Behavioural biology

Modelling biological organisms is a challenge both for physics and for biology, due to the difficulty of finding a good balance between the level of abstraction with which individuals are described and the explanatory power of the model. The artificial intelligence (AI) – or artificial agency – paradigm opens up new possibilities to enrich the description of the individual organisms and to model processes as complex as evolution from a radically different perspective. We use Projective Simulation (PS) to model biological entities as artificial learning agents that interact with each other and with the environment in a reinforcement learning framework. This new approach allows us to study fascinating phenomena such as the collective motion [1, 2] of foraging animals, e.g. swarming locusts, or the collective defence of honeybee colonies [3]. Evolutionary pressures arising from the scarceness of food or the attack of a predator can be encoded in the reward function, so that the iterative interaction of the ensemble of agents with the environment can be interpreted as an evolutionary process.

Collective motion in foraging scenarios


The well-known phenomenon of collective motion, observed for example in swarming locusts, schooling fish and many more animals, has been extensively studied for decades. Modern tracking technologies have helped to improve our understanding of how individual interactions can give rise to collective behaviour [*]. In our group, we have applied PS to model behavioural experiments such as marching locusts in a ring-shaped arena [1], or more general scenarios, in which ensembles of agents forage in resourceful or resource-scarce environments [2].

Collective defence of honeybee colonies


To sting or not to sting, that is the question. In an exciting collaboration with biologists from the University of Konstanz, we have studied the individual responses of honeybees to the so-called alarm pheromone, a compound that is released when the bee stings and alerts the colony about possible intruders [3]. We model the colony as an ensemble of PS agents that undergoes repeated encounters with predators and whose success, as a colony, depends on the remaining live bees, considering that a bee dies both when stinging and when it’s killed by the predator. The collective defence is built up as a sequence of individual decisions in which each agent decides whether to sting or not.

Quantum Biology

The question, to which extent quantum coherence is exploited in biological systems, e.g., in order to enhance their efficiency, has attracted much attention in the recent years. Examples of interest are in the process of light harvesting in photosynthesis, or the radical pair mechanism as a model for avian magneto-reception. In our research, we are exploring the general conditions for the existence of quantum coherence and entanglement in biological systems, as well as their possible role for biological function.

  • We study the models of non-equilibrium quantum systems that are capable of generating and sustaining entanglement in a noisy environment. We are interested in such models both from the perspective of building a noise-resilient quantum computer that could operate under room-temperature conditions, and from the perspective of identifying entanglement-sustaining molecular-scale mechanisms in biological systems.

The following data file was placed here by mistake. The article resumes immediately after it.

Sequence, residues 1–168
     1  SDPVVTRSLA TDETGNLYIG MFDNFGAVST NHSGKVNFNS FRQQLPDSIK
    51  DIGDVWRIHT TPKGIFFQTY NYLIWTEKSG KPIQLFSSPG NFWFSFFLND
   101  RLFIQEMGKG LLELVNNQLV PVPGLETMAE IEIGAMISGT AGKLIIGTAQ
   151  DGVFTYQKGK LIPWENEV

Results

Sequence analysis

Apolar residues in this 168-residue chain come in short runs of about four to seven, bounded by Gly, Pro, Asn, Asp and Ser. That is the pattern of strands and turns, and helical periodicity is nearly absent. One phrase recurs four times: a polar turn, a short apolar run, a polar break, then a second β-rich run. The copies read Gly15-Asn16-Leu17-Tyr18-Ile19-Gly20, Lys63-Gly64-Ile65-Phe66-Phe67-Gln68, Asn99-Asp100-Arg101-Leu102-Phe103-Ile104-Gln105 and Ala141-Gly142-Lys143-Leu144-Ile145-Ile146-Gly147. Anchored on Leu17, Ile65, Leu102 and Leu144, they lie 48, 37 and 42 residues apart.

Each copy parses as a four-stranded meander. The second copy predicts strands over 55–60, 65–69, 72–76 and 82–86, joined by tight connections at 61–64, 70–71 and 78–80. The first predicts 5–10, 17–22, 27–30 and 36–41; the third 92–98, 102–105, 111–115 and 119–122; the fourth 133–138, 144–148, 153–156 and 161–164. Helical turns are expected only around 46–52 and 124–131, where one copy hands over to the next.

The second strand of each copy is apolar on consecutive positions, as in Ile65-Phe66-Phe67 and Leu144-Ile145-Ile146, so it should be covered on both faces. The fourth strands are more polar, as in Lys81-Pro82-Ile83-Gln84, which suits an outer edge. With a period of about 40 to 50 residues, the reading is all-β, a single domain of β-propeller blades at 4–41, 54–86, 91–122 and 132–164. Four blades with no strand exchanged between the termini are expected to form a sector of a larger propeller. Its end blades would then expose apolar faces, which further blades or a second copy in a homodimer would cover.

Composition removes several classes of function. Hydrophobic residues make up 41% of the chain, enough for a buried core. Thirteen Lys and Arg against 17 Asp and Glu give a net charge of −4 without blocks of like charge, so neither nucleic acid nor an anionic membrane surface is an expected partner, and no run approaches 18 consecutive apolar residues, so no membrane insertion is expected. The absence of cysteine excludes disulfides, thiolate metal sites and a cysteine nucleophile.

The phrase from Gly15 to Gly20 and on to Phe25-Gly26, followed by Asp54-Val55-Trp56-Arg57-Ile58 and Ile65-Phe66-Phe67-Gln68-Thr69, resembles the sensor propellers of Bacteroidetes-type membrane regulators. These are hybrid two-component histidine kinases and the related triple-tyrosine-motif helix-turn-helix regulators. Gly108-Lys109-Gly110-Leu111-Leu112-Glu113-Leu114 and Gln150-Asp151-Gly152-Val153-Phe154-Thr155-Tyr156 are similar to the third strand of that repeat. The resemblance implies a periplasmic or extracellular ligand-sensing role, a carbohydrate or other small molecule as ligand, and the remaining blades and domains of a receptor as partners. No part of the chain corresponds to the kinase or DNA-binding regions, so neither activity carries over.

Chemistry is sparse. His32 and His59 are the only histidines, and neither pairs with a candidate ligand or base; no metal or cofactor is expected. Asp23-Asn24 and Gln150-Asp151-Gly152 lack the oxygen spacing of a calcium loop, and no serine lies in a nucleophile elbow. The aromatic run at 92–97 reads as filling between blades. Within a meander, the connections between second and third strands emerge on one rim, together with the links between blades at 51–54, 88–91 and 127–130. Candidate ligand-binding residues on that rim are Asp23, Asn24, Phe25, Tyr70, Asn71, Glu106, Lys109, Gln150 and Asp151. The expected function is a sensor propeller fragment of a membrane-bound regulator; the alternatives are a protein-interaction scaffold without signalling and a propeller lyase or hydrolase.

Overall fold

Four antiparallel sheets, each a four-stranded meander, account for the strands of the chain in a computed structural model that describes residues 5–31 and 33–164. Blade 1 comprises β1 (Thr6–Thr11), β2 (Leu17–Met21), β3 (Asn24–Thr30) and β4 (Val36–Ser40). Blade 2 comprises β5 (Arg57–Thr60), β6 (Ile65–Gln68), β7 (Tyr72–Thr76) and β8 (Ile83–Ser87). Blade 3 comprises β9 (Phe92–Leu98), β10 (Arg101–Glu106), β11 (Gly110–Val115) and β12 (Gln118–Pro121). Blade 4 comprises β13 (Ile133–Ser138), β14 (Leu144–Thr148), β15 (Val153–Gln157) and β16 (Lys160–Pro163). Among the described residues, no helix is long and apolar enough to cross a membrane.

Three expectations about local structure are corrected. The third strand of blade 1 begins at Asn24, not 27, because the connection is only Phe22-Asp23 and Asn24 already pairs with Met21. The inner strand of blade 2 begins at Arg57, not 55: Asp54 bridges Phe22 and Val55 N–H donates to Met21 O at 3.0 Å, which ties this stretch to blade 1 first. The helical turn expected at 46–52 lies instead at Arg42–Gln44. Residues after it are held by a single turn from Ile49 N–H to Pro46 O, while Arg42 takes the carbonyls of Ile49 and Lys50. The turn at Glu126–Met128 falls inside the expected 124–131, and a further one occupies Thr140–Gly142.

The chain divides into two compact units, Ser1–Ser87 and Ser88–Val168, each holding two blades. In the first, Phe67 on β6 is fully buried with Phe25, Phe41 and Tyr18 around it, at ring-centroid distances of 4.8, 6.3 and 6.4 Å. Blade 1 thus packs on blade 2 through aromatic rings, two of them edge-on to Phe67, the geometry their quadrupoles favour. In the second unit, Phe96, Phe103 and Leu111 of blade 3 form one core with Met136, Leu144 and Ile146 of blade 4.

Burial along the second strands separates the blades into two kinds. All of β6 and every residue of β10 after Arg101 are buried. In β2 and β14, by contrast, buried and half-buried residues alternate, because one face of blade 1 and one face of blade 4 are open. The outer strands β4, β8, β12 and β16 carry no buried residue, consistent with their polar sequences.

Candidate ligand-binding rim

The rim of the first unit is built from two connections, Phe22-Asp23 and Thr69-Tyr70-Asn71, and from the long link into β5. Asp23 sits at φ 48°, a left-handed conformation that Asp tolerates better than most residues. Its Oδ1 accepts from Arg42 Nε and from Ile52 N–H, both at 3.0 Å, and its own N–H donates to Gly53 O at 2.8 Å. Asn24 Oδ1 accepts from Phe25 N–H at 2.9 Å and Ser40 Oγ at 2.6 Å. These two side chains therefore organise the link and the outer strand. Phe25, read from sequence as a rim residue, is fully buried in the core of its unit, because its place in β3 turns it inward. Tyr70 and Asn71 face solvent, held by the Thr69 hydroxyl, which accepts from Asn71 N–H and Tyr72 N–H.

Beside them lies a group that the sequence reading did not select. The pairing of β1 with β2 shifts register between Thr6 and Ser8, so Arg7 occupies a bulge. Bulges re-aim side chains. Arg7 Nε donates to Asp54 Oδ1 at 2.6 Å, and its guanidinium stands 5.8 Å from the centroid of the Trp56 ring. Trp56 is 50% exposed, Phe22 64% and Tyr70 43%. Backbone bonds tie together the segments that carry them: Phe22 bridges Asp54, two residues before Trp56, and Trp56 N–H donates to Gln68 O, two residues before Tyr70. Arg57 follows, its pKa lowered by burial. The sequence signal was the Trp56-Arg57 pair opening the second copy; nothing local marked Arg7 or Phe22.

• We study the radial pair mechanism in spin chemistry, which is believed to play a central role in avian magneto reception. We investigate the effect of multiple encounters and other sources of de-coherence in the radical pair mechanism, using both a stochastic collision model and a master-equation approach.
  • We explore the use of molecular photo-switches to optically control the radical pair reactions and to test current theory used to describe spin-recombination reactions.   


  • [1] K. Ried, T. Müller, and H. J. Briegel, Modelling collective motion based on the principle of agency: general framework and the case of marching locustsPLoS ONE 14(2), e0212044 (2019) [arXiv:1712.01334].
  • [2] A. López-Incera, K. Ried, T. Müller, and H. J. Briegel, Development of swarming behavior in artificial learning agents that adapt to different foraging environmentsPLoS ONE 15(12), e0243628 (2020) [arXiv:2004.00552].
  • [3] A. López-Incera, M. Nouvian, K. Ried, T. Müller, and H. J. Briegel, Honeybee communication during collective defence is shaped by predationBMC biology 19, 106 (2021)  [arXiv:2010.07326].
  • [*](external) A. I. Dell et al., Automated imaging-based tracking and its application to ecologyTrends in Ecology and Evolution 29, 417-428 (2014).
  • [4] H. J. Briegel and S. Popescu, A perspective on possible manifestations of entanglement in biological systems, in Quantum Effects in Biology, eds. M. Mohseni, Y. Omar, G. S. Engel, M. B. Plenio, Cambridge University Press (2014).
  • [5] J. Clausen, G. G. Guerreschi, M. Tiersch, and H. J. Briegel, Multiple re-encounter approach to radical pair reactions and the role of nonlinear master equationsJ. Chem. Phys. 141, 054107 (2014) [arXiv:1310.6194].
  • [6] G. G. Guerreschi, M. Tiersch, U. Steiner, and H. J. Briegel, Optical switching of radical pair conformation enhances magnetic sensitivityChem. Phys. Lett. 572, 106 (2013) [arXiv:1206.1280].
  • [7] M. Tiersch, S. Popescu, and H. J. Briegel, A critical view on transport and entanglement in models of photosynthesisPhil. Trans. R. Soc. A 370, 3771 (2012)[arXiv:1104.3883].
  • [8] J. M. Cai, S. Popescu, and H. J. Briegel, Dynamic entanglement in oscillating molecules and potential biological implicationsPhys. Rev. E 82, 021921 (2010)[arXiv:0809.4906].
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